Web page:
This week, the Library Computer reviews "Lost Souls" the final installment in the three part Destiny trilogy by David Mack, picking up the story with the Federation on its knees.
REVIEW: STAR TREK DESTINY III – LOST SOULS
(Please Note: This review contains mild spoilers concerning the Destiny trilogy, and major spoilers concerning previous post-Nemesis novels.)
David Mack obviously knows how to keep a secret. He managed, after all, to keep one of the central cores of the Destiny trilogy under wraps for two complete novels. In fact, there was a lot that he was able to keep hidden from view (while often hiding such things in plain sight). But with the opening of "Lost Souls", the tenor of the trilogy changes in one felled swoop. Secrets be damned, it’s time to bring the story to a resolution, and resolve it Mack does.
On the verge of an impending disaster throughout the Federation (and several other locales), Jean-Luc Picard, William Riker, and Ezri Dax lead their crews to hell and back in a last ditch effort to save the Federation. Joined by Erika Hernandez, once Captain of the starship Columbia, the crews of the Enterprise, Titan, and Aventine join together in what, on the surface, might appear to be just another Borg-based shoot-`em-up. Yet, on every page, Mack manages to instill vitality and resolve into the storytelling, virtues that keep the readers interest alive and, in the end, serve to bring the entire story to its epic conclusion.
While "Lost Souls" is, in my opinion, the weakest book of the trilogy, it can hardly be faulted for that. At some point, the story surrounding the critical element that threads the entire series together had to make an appearance, but its early revelation in "Lost Souls" was a bit of a let-down, mainly because it was too plainly obvious when it reared its (interesting) head. Instead of springing it for dramatic effect all at once, Mack builds up to the major revelation of the trilogy, but the payoff becomes entirely obvious when its first revealed. While it isn’t the story choice I would have made, it allows us to follow from a different perspective a major shift in the history of the universe with knowing eyes. The concept behind this momentous moment is rooted in irony, and it feeds the desire of the reader to assimilate the rest of the story and mull it over.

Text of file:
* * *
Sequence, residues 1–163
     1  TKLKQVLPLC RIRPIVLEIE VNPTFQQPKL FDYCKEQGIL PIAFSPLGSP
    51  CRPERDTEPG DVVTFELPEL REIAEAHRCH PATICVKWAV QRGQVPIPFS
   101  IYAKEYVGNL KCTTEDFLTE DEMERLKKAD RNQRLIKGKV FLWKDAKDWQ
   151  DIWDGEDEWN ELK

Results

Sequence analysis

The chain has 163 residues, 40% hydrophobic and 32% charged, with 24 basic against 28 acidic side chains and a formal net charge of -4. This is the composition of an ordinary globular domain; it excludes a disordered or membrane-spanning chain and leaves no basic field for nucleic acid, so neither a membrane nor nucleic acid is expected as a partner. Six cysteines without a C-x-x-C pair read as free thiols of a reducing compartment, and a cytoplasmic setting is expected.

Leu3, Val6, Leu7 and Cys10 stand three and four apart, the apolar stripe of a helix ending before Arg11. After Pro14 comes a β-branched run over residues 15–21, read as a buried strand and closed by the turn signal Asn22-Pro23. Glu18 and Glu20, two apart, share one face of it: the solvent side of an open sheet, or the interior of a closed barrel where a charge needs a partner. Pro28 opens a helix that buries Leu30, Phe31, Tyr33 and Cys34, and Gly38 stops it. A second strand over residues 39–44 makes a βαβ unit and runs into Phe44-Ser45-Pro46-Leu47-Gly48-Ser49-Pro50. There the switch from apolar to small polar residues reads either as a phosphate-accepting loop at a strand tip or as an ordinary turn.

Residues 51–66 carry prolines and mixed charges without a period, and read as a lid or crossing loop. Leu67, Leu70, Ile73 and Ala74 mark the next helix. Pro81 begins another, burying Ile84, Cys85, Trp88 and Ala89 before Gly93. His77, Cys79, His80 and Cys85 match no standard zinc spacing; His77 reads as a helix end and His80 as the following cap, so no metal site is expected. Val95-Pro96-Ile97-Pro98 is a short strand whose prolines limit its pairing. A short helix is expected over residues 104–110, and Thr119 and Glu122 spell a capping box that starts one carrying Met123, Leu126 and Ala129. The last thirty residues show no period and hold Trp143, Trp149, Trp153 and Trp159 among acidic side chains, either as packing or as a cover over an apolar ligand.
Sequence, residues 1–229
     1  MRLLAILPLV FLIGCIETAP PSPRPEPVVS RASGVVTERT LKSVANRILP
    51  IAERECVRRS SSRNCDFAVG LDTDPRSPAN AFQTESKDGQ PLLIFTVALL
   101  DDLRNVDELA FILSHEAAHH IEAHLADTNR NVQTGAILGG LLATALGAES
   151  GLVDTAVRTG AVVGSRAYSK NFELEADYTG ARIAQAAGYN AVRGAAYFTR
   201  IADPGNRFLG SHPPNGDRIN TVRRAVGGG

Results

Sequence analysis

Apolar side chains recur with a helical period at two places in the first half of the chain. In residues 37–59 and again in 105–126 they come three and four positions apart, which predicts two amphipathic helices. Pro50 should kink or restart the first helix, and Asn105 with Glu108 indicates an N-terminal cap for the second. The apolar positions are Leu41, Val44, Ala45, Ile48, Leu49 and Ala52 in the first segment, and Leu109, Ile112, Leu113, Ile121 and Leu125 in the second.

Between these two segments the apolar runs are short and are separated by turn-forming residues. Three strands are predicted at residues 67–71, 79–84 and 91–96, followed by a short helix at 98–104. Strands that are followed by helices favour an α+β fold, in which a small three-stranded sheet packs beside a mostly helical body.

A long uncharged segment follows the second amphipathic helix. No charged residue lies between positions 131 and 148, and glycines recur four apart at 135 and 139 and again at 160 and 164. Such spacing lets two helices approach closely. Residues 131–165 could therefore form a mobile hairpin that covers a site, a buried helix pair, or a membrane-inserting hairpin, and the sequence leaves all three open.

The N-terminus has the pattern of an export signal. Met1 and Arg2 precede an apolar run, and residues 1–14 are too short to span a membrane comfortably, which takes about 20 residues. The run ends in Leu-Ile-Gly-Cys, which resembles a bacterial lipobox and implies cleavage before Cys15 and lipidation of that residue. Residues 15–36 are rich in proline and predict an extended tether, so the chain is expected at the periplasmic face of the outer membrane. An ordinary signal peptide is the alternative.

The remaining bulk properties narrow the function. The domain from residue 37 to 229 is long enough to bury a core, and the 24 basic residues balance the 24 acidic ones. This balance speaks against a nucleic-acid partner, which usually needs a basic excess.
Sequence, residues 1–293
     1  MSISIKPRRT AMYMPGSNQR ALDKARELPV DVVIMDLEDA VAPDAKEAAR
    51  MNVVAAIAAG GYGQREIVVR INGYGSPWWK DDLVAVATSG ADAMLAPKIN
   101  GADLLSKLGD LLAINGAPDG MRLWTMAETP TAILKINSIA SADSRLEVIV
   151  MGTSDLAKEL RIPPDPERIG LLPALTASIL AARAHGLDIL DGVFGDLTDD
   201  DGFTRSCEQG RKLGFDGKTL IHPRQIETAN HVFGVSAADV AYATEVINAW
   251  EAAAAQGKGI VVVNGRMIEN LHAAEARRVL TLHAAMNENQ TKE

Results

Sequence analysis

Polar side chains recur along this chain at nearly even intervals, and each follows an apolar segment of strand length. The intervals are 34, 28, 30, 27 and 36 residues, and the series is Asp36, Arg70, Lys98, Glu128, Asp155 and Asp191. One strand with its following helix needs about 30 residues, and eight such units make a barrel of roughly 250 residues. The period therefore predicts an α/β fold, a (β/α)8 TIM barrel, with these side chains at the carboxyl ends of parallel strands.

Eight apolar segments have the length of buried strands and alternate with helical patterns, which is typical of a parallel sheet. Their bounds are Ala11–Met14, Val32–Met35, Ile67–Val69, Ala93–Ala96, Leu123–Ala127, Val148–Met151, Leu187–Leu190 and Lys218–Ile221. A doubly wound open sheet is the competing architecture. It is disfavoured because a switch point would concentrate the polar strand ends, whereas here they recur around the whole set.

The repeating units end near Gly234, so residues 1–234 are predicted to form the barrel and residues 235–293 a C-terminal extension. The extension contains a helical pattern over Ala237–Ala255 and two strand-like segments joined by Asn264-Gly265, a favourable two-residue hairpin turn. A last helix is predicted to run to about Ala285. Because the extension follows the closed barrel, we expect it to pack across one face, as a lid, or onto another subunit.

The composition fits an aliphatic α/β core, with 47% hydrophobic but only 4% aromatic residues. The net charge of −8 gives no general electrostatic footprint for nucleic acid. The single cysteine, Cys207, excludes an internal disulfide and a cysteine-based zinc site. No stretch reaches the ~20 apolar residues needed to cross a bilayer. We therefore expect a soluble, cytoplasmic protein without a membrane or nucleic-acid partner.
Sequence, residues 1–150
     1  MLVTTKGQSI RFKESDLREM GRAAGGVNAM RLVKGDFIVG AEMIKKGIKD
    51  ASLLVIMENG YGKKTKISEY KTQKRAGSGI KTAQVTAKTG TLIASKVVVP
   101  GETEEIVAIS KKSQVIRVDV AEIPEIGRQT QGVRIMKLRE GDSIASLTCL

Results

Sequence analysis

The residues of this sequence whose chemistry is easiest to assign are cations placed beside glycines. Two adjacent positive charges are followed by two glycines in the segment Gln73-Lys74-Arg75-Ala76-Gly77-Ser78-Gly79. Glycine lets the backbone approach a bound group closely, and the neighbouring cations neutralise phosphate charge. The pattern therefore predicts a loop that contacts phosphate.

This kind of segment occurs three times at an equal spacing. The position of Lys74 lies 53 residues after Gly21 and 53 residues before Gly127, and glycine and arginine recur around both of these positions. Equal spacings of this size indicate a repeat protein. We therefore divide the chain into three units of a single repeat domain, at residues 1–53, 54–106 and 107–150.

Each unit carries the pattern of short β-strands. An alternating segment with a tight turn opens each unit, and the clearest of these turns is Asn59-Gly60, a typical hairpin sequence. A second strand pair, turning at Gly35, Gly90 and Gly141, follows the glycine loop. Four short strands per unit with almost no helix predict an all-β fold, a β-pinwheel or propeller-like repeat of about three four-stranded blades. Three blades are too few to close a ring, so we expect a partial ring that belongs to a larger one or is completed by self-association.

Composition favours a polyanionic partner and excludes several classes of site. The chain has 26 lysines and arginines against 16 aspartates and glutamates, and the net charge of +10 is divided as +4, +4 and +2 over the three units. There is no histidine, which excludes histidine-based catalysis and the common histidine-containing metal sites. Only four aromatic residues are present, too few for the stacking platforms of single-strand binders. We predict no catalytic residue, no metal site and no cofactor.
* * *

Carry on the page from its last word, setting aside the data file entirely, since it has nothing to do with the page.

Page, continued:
That being said, the brutal humanity of the story – written in the sheer desperation of so many individuals throughout "Lost Souls" is a refreshingly honest take on the disaster epic, one that goes beyond the stereotypical "The End is Nigh" bit and truly paints a picture of a multi-species civilization facing its impending eradication.
The Borg are, of course, the Borg of late in the relaunch novels; a group that can be summed up, basically, with the phrase, "We are the Borg. Screw you." Again, going into the trilogy we knew that there was no way to avoid this… but Mack finally puts some reason behind the fury that drives the Borg, and actually serves to make their entirely over-stayed welcome in the Star Trek universe feel like it had a genuine, honest to goodness purpose. (For this reader, at least, it paints the Borg in an entirely new and much more acceptable light.)